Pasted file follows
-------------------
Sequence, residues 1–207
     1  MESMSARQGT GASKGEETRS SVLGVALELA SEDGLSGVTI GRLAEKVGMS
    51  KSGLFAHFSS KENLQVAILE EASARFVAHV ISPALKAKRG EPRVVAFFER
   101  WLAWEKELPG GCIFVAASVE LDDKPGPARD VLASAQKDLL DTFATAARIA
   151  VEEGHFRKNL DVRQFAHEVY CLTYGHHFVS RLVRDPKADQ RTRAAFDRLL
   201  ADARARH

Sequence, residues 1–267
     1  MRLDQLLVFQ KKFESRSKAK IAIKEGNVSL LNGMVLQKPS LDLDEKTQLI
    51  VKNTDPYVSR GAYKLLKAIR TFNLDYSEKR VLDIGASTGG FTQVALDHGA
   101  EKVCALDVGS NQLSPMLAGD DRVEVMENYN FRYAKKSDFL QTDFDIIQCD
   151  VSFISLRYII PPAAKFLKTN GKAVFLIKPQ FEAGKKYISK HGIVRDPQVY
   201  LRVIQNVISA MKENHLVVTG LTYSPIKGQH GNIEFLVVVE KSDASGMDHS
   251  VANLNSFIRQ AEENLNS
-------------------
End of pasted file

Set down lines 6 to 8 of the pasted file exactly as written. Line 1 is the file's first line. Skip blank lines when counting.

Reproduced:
   201  ADARARH

Sequence, residues 1–267
     1  MRLDQLLVFQ KKFESRSKAK IAIKEGNVSL LNGMVLQKPS LDLDEKTQLI